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The Sights and Voices of Dispossession: The Fight for the Land and the Emerging Culture of the MST (The Movement of the Landless Rural Workers of Brazil)

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Studies, statements & references -> Statements by Intellectuals and Artists 13 resources (Compiled by Else R P Vieira. Translation © Bernard McGuirk.)

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Author:

Oscar Niemeyer
(Brazilian architect. Several national and international prizes. Design of Pampulha, Brasilia and the United Nations, in New York.Translated by Bernard McGuirk.)
(co-authorship).

Title:

Monument Antonio Tavares Pereira
(Voices of a Monument (Text by Else R P Vieira) Monument, highway BR277, state of Paraná. Explanatory text, Voices of a Monument, on aesthetics and the solution of social problems, by Else R P Vieira.)

Monument
Antonio Tavares Pereira The free forms of this monument, ten metres in height, designed by the renowned architect Oscar Niemeyer (1) in tribute to the victims of violence in rural Paraná, speak for him and for one of the main themes of his art, the search for an aesthetic utopia for the solution of social problems (2).

The monument (3) is situated close to the capital of the state of Paraná, at kilometer 108 on highway BR277. The state of Paraná is symptomatic, in many ways, of the land problems in Brazil, instance the eviction of 12,000 families at the time of the building of the Binational Hydroelectric dam of Itaipu, on the frontier with Paraguay (4). Significantly, Paraná was the venue of The First National Assembly of the Rural Landless Workersí Movement, from 21 to 24 January 1984, when the MST was formally established as a national movement.

Sited at the exact spot where the peasant leader Antônio Tavares Pereira was killed, the monument marks yet one more violent episode in rural Brazil but it does not resound with the cries of those that lie beneath it nor with the laments of the Widows of the Land who, on 2 May 2001, officiated at its inauguration. Niemeyer’s art in the Monument surpasses the limits of realism. Its lines point to a new world, without frontiers, where, it is hoped, through political action and through work, social changes will be brought about and better conditions for living will be achieved.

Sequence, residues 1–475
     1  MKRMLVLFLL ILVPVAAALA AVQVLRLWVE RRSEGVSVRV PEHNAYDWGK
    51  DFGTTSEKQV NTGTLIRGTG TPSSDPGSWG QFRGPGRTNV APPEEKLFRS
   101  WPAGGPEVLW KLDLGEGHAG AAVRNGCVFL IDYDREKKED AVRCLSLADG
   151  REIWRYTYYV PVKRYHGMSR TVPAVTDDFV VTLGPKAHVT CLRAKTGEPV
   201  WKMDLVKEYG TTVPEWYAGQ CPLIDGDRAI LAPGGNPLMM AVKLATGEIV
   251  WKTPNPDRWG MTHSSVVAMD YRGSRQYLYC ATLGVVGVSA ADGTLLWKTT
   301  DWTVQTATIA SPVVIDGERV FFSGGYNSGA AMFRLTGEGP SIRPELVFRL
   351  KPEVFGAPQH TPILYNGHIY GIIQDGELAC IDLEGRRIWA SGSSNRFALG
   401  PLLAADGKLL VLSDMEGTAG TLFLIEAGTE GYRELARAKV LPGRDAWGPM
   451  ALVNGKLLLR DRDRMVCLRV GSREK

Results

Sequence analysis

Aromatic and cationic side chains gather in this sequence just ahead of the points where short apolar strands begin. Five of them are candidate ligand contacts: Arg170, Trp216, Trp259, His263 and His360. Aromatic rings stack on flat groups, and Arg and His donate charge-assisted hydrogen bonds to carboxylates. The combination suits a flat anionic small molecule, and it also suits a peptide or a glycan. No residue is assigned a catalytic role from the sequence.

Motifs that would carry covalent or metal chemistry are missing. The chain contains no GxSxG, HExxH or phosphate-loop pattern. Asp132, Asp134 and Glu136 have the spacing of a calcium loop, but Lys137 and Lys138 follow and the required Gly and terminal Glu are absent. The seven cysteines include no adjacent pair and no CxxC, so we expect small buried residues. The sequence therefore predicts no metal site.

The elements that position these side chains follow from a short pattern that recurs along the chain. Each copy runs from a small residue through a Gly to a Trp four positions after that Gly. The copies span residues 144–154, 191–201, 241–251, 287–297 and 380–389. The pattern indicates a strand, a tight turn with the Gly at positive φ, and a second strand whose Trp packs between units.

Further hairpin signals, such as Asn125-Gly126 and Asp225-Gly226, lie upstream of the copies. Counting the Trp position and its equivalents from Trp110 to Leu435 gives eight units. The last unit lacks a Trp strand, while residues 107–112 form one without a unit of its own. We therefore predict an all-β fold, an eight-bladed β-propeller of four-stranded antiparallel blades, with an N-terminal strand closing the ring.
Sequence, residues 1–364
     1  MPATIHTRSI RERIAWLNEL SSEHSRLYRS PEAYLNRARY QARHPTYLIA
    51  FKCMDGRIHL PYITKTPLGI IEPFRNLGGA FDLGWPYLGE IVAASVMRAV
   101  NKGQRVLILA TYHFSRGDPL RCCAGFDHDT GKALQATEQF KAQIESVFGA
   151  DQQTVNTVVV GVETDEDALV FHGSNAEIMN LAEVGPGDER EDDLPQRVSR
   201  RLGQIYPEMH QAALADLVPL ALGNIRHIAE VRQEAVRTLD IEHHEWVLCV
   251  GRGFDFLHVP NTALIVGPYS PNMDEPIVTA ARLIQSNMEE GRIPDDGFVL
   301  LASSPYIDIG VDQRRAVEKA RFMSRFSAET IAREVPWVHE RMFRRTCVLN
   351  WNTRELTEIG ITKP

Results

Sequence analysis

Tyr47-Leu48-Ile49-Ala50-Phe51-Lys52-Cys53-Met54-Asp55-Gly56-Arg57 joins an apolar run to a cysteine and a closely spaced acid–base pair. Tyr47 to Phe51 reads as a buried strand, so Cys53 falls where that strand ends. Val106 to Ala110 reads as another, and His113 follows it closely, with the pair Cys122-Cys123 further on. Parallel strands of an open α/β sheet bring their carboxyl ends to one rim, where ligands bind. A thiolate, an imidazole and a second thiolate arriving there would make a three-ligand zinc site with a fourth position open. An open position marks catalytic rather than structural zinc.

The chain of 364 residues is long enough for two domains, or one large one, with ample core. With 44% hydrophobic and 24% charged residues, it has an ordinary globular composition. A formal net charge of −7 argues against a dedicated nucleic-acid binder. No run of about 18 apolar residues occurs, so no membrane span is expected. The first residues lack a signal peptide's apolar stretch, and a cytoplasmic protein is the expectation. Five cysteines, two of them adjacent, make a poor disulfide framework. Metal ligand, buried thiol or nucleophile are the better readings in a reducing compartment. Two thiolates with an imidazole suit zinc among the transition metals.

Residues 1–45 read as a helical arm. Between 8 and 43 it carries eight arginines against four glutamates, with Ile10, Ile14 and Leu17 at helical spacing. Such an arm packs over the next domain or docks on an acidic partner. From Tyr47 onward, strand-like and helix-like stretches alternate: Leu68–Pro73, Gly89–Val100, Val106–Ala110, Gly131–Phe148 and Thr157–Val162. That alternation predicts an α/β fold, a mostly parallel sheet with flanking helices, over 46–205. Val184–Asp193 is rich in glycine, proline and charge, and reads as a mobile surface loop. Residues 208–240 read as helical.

The poet and executive secretary of the Pastoral Land Commission of Paraná, Gerson de Oliveria, writes of the Monument as follows:

"(...) the raised arm of the peasant, worked in white concrete, seems to push the monument upwards, towards liberty, with the revolutionary force borne by these men and women. The peasant is the monument itself. One thing only. The scythe - outlawed, work-tool and symbol of struggle - is definitively in the hand of the worker. [Niemeyer] handed to the man the dignity of his work. So it is that, on the curve of history, the landless and the architect are conjoined for eternity (5)."

1 Editor's note: Brazilian architect who has been awarded several prizes nationally and internationally for the architectural complex of Pampulha in Belo Horizonte and particularly for the design of Brasília’s cathedral and government buildings. His projects outside Brazil include France, the GDR, Algeria, Israel and Venezuela. Together with Le Corbusier and seven other architects, he planned the building of the United Nations in New York.

2 Editor’s note: Theme highlighted by D. K. Underwood (Oscar Niemeyer and Brazilian Free-Form Modernism. George Braziller Publishers, 1994), amongst others.

3 Editor's Note: Monument Antônio Tavares Pereira, designed by Oscar Niemeyer. Photo by Douglas Mansur. Reproduction authorized by MST, São Paulo.

4 Editor’s note: Fernandes, Bernardo Mançano & Stedile, João Pedro. Brava gente: a trajetória do MST e a luta pela terra no Brasil. São Paulo: Editora Fundação Perseu Abramo, 1999. p. 44.

5 Editor’s note: "Monumento homenageia vítimas da violência no campo". InforAndes, maio de 2001, no. 105, p. 10.

Date:

November 2002

Resource ID:

MONUMENT175

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